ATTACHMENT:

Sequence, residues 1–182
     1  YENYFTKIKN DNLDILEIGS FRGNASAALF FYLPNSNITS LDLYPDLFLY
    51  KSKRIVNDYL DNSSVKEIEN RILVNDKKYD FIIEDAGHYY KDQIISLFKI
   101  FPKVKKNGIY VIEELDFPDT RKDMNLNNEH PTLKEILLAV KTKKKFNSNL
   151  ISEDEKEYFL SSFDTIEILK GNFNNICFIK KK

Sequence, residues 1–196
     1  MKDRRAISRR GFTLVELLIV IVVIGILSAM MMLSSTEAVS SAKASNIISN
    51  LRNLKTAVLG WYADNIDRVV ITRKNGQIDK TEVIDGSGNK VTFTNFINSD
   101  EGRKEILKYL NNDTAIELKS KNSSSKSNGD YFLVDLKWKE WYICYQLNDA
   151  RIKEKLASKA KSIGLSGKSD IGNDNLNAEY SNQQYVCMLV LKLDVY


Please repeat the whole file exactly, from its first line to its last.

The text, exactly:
Sequence, residues 1–182
     1  YENYFTKIKN DNLDILEIGS FRGNASAALF FYLPNSNITS LDLYPDLFLY
    51  KSKRIVNDYL DNSSVKEIEN RILVNDKKYD FIIEDAGHYY KDQIISLFKI
   101  FPKVKKNGIY VIEELDFPDT RKDMNLNNEH PTLKEILLAV KTKKKFNSNL
   151  ISEDEKEYFL SSFDTIEILK GNFNNICFIK KK

Sequence, residues 1–196
     1  MKDRRAISRR GFTLVELLIV IVVIGILSAM MMLSSTEAVS SAKASNIISN
    51  LRNLKTAVLG WYADNIDRVV ITRKNGQIDK TEVIDGSGNK VTFTNFINSD
   101  EGRKEILKYL NNDTAIELKS KNSSSKSNGD YFLVDLKWKE WYICYQLNDA
   151  RIKEKLASKA KSIGLSGKSD IGNDNLNAEY SNQQYVCMLV LKLDVY